Judas

      Amos Oz
Judas

Winner of the International Literature Prize, the new novel by Amos Oz is his first full-length work since the best-selling A Tale of Love and Darkness.
Jerusalem, 1959. Shmuel Ash, a biblical scholar, is adrift in his young life when he finds work as a caregiver for a brilliant but cantankerous old man named Gershom Wald. There is, however, a third, mysterious presence in his new home. Atalia Abarbanel, the daughter of a deceased Zionist leader, a beautiful woman in her forties, entrances young Shmuel even as she keeps him at a distance. Piece by piece, the old Jerusalem stone house, haunted by tragic history and now home to the three misfits and their intricate relationship, reveals its secrets.

At once an exquisite love story and coming-of-age novel, an allegory for the state of Israel and for the biblical tale from which it draws its title, Judas is Amos Oz's most powerful novel in decades.


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    Rhyming Life and Death

      Amos Oz
Rhyming Life and Death

An unnamed author waits in a bar in Tel Aviv on a stifling hot night. He is there to give a reading of his work but as he sits, bored, he begins to conjure up the life stories of the people he meets. Later, when the reading is done he asks a woman for a drink. She declines and the author walks away, only to climb the steps to her flat, later that night. Or does he?

In Amos Oz's beguiling, intriguing story the reader never really knows where reality ends and invention begins...


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    Suddenly in the Depths of the Forest

      Amos Oz
Suddenly in the Depths of the Forest

In a gray and gloomy village, all of the animals—from dogs and cats to fish and snails—disappeared years before. No one talks about it and no one knows why, though everyone agrees that the village has been cursed. But when two children see a fish—a tiny one and just for a second—they become determined to unravel the mystery of where the animals have gone. And so they travel into the depths of the forest with that mission in mind, terrified and hopeful about what they may encounter.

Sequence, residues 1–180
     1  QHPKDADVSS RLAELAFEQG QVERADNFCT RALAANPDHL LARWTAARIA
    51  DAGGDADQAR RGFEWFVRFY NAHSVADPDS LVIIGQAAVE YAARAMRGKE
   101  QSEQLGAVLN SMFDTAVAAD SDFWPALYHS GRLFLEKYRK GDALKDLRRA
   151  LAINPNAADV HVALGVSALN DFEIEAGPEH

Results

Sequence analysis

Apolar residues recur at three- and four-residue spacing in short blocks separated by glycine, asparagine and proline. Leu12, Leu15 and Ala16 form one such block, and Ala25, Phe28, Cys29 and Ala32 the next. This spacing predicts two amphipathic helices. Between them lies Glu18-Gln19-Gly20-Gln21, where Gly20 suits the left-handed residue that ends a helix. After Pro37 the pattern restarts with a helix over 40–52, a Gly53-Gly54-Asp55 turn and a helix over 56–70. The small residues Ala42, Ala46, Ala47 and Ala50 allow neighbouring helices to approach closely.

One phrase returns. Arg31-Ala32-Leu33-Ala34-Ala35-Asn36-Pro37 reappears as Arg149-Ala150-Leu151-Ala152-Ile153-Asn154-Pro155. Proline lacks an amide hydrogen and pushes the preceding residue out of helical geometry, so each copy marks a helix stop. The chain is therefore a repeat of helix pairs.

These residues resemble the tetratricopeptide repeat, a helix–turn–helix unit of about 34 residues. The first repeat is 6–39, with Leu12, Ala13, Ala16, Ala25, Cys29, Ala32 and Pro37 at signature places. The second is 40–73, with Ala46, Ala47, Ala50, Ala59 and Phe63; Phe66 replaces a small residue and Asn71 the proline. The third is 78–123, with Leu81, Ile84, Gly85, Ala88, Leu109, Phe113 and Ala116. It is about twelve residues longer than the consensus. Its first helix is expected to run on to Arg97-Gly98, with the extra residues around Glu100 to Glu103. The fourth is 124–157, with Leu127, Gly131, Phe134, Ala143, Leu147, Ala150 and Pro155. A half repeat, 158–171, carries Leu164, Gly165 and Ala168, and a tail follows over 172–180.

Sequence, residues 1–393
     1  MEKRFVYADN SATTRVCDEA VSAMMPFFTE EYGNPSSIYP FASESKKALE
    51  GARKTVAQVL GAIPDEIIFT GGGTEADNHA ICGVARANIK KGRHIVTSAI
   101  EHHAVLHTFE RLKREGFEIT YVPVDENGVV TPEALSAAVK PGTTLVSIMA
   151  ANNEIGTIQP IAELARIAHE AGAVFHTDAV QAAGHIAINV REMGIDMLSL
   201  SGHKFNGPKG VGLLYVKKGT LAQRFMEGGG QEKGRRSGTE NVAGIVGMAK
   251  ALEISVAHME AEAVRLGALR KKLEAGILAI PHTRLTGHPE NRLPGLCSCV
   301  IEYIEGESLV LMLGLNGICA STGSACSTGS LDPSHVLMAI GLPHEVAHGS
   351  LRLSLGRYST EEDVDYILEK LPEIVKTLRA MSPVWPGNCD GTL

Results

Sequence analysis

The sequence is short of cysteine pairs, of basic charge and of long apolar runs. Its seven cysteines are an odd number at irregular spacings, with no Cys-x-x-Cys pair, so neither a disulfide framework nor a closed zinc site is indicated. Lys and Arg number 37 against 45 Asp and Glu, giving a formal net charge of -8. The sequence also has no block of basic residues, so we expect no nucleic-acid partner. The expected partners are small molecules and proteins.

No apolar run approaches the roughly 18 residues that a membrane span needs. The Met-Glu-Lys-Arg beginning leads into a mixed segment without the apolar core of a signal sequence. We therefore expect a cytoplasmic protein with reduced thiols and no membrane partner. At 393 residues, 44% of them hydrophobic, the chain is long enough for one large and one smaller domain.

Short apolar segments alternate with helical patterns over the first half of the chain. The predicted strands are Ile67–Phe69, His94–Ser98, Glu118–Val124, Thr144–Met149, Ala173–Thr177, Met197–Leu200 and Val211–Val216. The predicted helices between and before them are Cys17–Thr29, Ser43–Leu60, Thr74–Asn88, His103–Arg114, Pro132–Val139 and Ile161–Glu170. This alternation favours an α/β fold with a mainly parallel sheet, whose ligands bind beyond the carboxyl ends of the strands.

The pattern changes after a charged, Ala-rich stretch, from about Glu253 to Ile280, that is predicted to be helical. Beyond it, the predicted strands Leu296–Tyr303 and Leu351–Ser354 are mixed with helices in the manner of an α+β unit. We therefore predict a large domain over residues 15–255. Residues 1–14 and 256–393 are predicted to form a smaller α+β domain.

From the internationally bestselling author Amos Oz, this is a hauntingly beautiful fable for both children and adults about tolerance, loneliness, denial, and remembrance.


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    Where the Jackals Howl

      Amos Oz
Where the Jackals Howl

Oz's first book—beautifully repackaged— is a disturbing and moving collection of short stories about kibbutz life.

   Each of the eight stories in this volume grips the reader from the first line. Each conveys the tension and intensity of feeling during the founding period of Israel, a brand-new state with an age-old history.

   Some are love stories, more are hate stories, and frequently the two urges intertwine.


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    My Michael

      Amos Oz
My Michael

One of Amos Oz's earliest and most famous novels, My Michael created a sensation upon its initial publication in 1968 and established Oz as a writer of international acclaim. Like all great books, it has an enduring power to surprise and mesmerize.

Set in 1950s Jerusalem, My Michael tells the story of a remote and intense woman named Hannah Gonen and her marriage to a decent but unremarkable man named Michael. As the years pass and Hannah's tempestuous fantasy life encroaches upon reality, she feels increasingly estranged from him and the marriage gradually disintegrates.

Gorgeously written and profoundly moving, this extraordinary novel is at once a haunting love story and a rich, reflective portrait of place.